Why I Still Support the Second Amendment, Even After Las Vegas

I'm a young woman with a handgun. Tragedies like Las Vegas won't be prevented by taking away my right to self-defense in close quarters.

By Liberty McArtor Published on October 5, 2017

Cries for gun control rang out while bullet casings were still hot on the streets of Las Vegas. The Right accused the Left of politicizing the tragedy for their own gain. Their criticisms are well-deserved, even though it must be admitted the calls for #GunControlNow are understandable. After all, another massacre just wrecked our hearts. It makes sense that many go after what seem to be the main culprit: guns. 

But now that the smoke has cleared and emotions are a little less raw, I’d like to offer a different perspective. 

“They Were Useless”

First, consider this post from Caleb Keeter, lead guitarist for the Josh Abbott Band. The band members were among many Country stars that performed at the Route 91 Harvest festival last weekend.

Even though Keeter was a Second Amendment supporter his “entire life,” that night changed his mind. “We actually have members of our crew with CHL licenses, and legal firearms on the bus,” he said. “They were useless.” (Language warning in the Twitter post below.)

“We couldn’t touch them for fear police might think that we were part of the massacre and shoot us,” Keeter went on, speaking of the band’s own guns. “We need gun control RIGHT. NOW.”

I sympathize with Keeter. I cannot imagine what he went through. But he’s wrong to call for more gun control. 

When Self-Defense Counts

Like Keeter before last weekend, I’ve always been a strong supporter of the Second Amendment. A 24-year-old woman, I’m licensed by the State of Texas to carry a handgun. You can bet my Glock is on my person whenever I’m somewhere that carrying is legal. That’s still true after Las Vegas.

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Keeter’s still partly right, of course. His band’s guns would not have stopped Stephen Paddock’s massacre.

For one, Paddock was 32 stories above the Country music festival, and 500 yards away. He was armed with over 20 guns, including long-range rifles. Twelve of his rifles were modified to closely replicate automatic fire. A 15-round mag in a 9mm handgun can’t compete. 

So are laws that allow us to carry handguns “useless”? No. Because not every act of gun violence will come from the 32nd story of a hotel and 20-plus high-powered weapons. 

Some will come when a man crashes into a restaurant with a couple of handguns, feet away from customers who could stop him from killing dozens.

Some will come in a parking garage, when a man attempts to abduct a woman at knifepoint as she gets in her car.

Some will come at a gas station, when a man puts a handgun to the neck of a 4-foot 11-inch woman exiting the store. 

Some will come at a small church, when a man shoots his way into the place of worship before he is detained by someone who has a legal handgun.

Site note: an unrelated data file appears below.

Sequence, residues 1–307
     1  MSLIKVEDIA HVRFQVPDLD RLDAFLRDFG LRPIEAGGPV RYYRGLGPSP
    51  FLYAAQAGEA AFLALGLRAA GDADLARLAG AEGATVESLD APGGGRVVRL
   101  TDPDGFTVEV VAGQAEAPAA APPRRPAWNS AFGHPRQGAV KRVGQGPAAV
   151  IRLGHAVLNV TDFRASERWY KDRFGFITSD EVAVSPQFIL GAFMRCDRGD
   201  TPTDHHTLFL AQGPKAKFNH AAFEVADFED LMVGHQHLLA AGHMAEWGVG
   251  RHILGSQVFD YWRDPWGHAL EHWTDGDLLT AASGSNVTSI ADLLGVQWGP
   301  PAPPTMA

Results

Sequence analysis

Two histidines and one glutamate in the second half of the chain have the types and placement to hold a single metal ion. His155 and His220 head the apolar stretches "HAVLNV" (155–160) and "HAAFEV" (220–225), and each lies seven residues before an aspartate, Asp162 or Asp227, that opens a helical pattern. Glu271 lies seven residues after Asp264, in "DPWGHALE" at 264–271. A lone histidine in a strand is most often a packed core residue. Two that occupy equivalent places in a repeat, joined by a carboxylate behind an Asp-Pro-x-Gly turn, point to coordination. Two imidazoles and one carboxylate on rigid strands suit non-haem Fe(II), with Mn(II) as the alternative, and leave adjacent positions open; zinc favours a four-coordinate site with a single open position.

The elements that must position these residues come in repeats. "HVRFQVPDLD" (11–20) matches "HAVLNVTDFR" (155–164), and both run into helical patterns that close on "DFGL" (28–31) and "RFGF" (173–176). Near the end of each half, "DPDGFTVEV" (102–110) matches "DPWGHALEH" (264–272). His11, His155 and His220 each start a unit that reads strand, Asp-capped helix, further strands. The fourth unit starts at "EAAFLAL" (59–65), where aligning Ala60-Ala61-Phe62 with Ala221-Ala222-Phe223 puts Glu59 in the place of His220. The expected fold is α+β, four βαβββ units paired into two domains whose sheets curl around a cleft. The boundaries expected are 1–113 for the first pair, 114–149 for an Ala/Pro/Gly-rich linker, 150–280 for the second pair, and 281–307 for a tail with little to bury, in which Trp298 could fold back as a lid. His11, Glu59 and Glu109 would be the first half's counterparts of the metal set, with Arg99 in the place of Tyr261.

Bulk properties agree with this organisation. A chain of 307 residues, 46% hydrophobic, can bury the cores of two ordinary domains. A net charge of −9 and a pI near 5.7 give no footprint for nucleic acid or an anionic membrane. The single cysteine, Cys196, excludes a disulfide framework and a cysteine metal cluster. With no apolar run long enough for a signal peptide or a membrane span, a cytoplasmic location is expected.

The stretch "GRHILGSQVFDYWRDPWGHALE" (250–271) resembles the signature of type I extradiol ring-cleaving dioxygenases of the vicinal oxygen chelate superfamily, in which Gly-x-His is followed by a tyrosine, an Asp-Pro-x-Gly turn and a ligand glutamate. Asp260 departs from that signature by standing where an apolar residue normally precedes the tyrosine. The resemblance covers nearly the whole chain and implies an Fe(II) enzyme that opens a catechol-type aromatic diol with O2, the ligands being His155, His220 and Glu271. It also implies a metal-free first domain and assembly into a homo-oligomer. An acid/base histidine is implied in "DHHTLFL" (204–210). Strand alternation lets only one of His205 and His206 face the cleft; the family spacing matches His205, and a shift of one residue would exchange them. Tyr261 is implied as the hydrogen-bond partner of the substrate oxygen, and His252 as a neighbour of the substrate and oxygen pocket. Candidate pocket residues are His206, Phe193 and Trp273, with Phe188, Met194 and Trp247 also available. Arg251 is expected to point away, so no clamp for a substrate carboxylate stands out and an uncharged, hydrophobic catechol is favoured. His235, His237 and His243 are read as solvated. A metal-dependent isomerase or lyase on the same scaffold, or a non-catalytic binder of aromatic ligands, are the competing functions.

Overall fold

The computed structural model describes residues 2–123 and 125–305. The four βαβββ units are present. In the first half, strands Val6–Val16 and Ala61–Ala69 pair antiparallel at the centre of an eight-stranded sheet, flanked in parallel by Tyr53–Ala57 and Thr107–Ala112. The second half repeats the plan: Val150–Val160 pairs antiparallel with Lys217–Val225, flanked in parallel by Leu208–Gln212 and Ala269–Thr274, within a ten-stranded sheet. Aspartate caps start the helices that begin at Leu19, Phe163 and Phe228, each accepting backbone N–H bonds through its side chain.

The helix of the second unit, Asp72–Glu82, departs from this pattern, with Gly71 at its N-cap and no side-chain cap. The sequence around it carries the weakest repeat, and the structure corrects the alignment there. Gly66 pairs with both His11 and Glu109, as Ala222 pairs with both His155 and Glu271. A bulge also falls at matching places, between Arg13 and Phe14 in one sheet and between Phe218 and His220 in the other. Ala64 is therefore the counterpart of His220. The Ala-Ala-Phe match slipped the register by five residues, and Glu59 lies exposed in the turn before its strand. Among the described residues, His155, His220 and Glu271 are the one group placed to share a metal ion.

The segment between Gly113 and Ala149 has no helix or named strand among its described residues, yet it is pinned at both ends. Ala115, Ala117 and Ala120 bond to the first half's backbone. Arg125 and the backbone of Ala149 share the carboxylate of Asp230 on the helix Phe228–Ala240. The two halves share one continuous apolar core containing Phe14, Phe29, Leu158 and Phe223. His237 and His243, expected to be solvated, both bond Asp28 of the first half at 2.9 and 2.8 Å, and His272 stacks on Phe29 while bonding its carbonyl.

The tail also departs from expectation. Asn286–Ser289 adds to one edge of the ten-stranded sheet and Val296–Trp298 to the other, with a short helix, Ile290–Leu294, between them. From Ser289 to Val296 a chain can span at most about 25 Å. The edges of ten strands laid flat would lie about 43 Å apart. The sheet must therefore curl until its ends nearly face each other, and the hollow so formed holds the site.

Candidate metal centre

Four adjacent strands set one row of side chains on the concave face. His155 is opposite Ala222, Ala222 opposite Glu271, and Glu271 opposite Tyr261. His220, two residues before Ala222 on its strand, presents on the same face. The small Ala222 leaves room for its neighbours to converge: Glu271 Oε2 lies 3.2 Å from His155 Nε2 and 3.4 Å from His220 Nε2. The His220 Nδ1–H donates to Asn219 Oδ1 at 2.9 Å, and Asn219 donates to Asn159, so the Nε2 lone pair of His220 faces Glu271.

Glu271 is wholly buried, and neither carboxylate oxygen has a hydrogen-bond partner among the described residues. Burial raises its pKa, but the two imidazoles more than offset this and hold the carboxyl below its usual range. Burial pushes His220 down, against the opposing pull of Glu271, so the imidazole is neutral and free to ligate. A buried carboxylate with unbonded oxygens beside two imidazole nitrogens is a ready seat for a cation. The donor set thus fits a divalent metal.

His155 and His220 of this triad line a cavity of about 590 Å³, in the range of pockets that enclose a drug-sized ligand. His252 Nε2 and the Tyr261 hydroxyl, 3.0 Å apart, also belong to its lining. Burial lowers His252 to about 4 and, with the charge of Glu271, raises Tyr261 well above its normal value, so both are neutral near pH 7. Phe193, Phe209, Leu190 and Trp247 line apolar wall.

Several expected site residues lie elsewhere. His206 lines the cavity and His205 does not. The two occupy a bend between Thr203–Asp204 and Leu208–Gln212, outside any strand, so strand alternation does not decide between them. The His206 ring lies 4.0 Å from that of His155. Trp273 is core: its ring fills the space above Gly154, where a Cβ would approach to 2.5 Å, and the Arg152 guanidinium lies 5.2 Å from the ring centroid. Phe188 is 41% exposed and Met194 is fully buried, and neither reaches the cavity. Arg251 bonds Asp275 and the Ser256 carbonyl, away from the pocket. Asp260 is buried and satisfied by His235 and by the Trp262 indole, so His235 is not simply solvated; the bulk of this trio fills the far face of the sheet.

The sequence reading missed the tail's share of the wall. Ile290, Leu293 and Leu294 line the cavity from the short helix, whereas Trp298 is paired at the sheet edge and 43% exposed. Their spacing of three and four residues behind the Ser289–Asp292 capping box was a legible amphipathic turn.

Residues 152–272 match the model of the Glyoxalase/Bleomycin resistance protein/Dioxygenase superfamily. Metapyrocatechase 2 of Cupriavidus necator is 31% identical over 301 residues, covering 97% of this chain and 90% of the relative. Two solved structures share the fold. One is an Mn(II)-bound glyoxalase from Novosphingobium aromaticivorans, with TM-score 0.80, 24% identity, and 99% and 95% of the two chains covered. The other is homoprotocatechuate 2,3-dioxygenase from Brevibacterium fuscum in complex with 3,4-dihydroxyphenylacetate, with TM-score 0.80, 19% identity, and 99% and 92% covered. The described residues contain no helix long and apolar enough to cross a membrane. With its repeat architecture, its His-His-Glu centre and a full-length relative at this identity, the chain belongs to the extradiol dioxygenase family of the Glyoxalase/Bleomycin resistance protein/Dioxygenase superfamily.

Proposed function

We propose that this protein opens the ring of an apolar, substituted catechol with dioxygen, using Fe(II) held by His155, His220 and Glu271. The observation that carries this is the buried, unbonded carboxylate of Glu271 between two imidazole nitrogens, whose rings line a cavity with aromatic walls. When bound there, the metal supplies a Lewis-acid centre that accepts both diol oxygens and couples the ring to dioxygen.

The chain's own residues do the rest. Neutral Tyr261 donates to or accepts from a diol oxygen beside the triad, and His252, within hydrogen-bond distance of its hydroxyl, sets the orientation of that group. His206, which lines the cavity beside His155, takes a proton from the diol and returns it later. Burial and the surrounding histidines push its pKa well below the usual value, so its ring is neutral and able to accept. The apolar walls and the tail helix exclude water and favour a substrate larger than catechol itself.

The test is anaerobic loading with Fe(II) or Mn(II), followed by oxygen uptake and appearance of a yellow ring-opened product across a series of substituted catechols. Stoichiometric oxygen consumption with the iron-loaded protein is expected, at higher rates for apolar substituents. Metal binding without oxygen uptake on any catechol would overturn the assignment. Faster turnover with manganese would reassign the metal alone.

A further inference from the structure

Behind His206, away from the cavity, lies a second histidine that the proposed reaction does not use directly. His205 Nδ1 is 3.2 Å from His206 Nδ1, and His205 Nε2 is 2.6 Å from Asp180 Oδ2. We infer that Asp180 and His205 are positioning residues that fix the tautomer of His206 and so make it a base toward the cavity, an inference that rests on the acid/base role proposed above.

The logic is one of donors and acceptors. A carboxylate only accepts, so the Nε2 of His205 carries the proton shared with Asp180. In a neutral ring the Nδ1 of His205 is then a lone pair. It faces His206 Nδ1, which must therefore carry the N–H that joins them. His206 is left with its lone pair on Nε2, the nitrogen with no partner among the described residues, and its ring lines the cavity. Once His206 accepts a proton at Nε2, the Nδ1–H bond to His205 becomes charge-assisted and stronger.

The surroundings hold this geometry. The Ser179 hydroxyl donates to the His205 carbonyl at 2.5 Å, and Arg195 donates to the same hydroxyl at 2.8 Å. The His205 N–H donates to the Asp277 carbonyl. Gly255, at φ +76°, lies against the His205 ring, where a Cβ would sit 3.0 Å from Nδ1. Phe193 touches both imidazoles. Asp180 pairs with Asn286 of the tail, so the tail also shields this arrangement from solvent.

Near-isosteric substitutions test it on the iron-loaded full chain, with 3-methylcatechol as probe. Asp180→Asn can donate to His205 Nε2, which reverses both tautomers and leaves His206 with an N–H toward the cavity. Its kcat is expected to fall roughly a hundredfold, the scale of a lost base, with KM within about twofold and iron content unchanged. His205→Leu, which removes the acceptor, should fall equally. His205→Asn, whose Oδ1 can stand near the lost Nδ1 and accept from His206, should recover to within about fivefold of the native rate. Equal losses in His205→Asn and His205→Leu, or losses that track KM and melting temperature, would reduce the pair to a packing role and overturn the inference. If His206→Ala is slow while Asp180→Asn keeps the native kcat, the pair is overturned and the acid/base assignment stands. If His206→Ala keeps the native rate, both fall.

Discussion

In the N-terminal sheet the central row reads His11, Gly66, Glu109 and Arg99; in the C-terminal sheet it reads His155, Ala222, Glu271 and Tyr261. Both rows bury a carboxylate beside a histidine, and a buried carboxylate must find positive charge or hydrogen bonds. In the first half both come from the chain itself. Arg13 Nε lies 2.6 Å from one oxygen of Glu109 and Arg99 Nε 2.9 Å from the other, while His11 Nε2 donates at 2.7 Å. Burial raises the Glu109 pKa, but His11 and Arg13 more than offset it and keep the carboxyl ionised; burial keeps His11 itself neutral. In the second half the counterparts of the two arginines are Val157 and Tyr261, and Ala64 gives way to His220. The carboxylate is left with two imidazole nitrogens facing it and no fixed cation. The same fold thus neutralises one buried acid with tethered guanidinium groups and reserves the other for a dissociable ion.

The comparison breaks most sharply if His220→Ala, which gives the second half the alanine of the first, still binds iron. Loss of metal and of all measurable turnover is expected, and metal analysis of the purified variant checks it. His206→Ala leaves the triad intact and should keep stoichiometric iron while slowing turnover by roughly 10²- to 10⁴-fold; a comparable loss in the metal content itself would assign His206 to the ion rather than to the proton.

“My Life or His”

Each of the above links contains stories of everyday Americans who saved lives β€” or could have β€” because they owned a handgun. There are hundreds more. 

Sure, when someone is able to sneak over 20 weapons, including modified guns that mimic automatic fire, into a hotel and execute the largest mass shooting in U.S. history, it’s worth reviewing the laws that made that possible. But it’s incorrect to think robbing average Americans of their right to defend themselves in other cases, like the ones above, is the answer to stopping another Las Vegas. 

Bad people can still wreak havoc, even if guns are banned or more difficult to obtain.

Any responsible gun owner will tell you we do not carry our weapons with the intention of becoming a hero or, God forbid, the desire to kill. We carry so that if we come face to face with a person who threatens to kill us, we can protect ourselves and our loved ones. 

As the woman at the gas station said, “I feel bad, but I had to protect me and my family. It was my life or his.”

When Danger Stares Us in the Eyes

According to research, gun control measures endorsed by the Left would not significantly help the people most affected by gun violence. Some point to Australia’s gun buy-back program as an example to follow. But in America that would be impractical, both logistically and financially. 

And there’s this: bad people can still wreak havoc, even if guns are banned or more difficult to obtain. Law-abiding citizens will be left without meaningful self-defense, while attackers wield knives, fling acid, ram cars into crowds or use illegal firearms. Even the weapon-less man is a threat to a woman, as he is typically stronger and can overpower her in a fight. Does she deserve to get raped, kidnapped or murdered simply because the state outlawed her ability to carry an equalizer? 

This is why I still support the Second Amendment, even after the tragedy in Las Vegas. Like all decent Americans, I want mass shootings to end. I want answers to why Paddock did what he did. And I want real solutions that will lower the level of gun violence in our nation.

But I don’t want more innocents to suffer at the hands of rapists, murderers, robbers, abusers and psychopaths. And that is what will happen if, when danger is staring us straight in the eyes, our Second Amendment right to self-defense is gone.

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